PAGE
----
“The debate [between Alexandria and Antioch] was about the connections between different exegetical processes, about the coherence of different levels of reading, about the appropriate way of focussing on the text and its ‘mimetic’ relationship to reality. Both Origen and the Antiochenes believed scripture was about heavenly realities, but for Origen scripture was a veil, a shadow, which might obscure as much as reveal; for the reality behind the ‘tokens’ was not self-evident. The Antiochenes found this arbitrary and insisted on attending to what we might call the internal clues to the way the text or narrative ‘mirrored’ the truth. Both presupposed that every literary text clothed the ‘mind’ in its ‘wording’, and the issue was how the two related to one another.”
An Example of Typology
Melito of Sardis’ Peri Pascha (“On the Passover”) is a second-century homily known for its typological use of Scripture. In the selection below (66–69; trans. Kerux), note the connection Melito makes between Jesus’ atoning death on the cross and the story of the Passover in Exodus:
When this one came from heaven to earth for the sake of the one who suffers, and had clothed himself with that very one through the womb of a virgin, and having come forth as man, he accepted the sufferings of the sufferer through his body which was capable of suffering. And he destroyed those human sufferings by his spirit which was incapable of dying. He killed death which had put man to death.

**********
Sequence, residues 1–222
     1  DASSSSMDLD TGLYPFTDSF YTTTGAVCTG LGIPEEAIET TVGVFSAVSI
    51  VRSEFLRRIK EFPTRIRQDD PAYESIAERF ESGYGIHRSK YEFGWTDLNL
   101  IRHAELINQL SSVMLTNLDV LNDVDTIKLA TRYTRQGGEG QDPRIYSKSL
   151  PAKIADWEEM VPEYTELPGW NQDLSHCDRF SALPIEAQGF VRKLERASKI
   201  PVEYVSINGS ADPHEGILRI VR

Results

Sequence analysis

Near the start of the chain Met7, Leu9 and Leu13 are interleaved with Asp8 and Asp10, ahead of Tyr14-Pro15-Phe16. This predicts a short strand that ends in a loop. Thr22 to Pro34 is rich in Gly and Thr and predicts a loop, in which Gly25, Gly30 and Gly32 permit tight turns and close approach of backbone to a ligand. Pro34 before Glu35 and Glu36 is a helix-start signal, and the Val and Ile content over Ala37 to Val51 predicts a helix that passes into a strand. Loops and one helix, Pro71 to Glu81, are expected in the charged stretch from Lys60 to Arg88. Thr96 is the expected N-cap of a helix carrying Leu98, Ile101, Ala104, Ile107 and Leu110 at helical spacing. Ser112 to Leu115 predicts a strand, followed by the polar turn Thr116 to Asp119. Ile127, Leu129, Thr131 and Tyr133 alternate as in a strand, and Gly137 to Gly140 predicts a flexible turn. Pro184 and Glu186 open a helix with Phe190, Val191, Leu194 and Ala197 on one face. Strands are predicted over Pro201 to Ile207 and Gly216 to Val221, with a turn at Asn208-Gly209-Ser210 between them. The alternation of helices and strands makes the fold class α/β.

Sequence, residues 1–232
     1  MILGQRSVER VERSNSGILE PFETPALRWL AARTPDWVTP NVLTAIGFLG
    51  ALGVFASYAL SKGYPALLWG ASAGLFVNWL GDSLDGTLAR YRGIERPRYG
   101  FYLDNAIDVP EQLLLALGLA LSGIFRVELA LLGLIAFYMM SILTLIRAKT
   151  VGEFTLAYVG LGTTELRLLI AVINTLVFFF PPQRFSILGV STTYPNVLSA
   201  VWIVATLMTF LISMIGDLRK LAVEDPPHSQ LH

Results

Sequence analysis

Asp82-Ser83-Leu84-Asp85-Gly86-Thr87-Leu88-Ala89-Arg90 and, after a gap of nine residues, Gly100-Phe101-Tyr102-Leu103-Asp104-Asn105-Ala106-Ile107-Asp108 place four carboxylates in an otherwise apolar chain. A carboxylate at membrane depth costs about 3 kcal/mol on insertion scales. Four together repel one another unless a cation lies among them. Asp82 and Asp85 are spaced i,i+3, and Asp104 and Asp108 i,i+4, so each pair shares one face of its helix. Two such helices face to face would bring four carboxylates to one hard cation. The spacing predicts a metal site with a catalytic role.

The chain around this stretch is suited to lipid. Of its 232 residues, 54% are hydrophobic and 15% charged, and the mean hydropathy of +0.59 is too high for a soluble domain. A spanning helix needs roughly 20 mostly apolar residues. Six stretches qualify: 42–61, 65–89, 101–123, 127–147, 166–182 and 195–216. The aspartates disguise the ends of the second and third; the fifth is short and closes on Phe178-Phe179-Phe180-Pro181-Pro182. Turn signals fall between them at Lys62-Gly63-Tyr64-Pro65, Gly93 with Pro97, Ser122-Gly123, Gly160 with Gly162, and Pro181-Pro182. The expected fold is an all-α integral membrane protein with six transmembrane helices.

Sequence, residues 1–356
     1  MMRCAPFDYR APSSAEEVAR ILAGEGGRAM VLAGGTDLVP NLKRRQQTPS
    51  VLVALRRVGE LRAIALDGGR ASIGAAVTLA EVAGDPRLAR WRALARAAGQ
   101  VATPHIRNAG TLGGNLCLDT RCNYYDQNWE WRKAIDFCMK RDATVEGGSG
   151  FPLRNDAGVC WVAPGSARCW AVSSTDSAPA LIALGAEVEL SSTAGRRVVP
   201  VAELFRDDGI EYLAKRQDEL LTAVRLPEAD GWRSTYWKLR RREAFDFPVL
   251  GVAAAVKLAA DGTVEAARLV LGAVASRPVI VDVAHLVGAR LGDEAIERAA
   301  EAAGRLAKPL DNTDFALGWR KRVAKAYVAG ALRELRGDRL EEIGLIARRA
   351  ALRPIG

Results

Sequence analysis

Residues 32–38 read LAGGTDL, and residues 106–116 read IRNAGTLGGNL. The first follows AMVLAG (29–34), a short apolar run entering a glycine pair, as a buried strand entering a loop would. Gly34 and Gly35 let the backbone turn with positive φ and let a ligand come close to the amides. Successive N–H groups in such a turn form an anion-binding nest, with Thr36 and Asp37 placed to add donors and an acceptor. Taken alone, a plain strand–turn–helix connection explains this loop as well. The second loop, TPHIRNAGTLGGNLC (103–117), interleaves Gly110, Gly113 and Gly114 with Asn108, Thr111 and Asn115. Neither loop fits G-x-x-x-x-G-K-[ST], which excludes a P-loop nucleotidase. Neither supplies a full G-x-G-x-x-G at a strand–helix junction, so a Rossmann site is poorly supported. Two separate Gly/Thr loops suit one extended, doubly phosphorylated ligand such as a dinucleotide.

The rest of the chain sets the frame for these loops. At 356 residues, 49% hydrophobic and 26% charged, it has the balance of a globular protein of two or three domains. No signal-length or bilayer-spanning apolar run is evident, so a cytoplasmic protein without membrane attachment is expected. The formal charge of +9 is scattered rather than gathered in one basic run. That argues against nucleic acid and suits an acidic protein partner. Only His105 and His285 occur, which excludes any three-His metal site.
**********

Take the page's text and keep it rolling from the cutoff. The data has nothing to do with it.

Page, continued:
For this one, who was led away as a lamb, and who was sacrificed as a sheep, by himself delivered us from servitude to the world as from the land of Egypt, and released us from bondage to the devil as from the hand of Pharaoh, and sealed our souls by his own spirit and the members of our bodies by his own blood.
This is the one who covered death with shame and who plunged the devil into mourning as Moses did Pharaoh. This is the one who smote lawlessness and deprived injustice of its offspring, as Moses deprived Egypt. This is the one who delivered us from slavery into freedom, from darkness into light, from death into life, from tyranny into an eternal kingdom, and who made us a new priesthood, and a special people forever.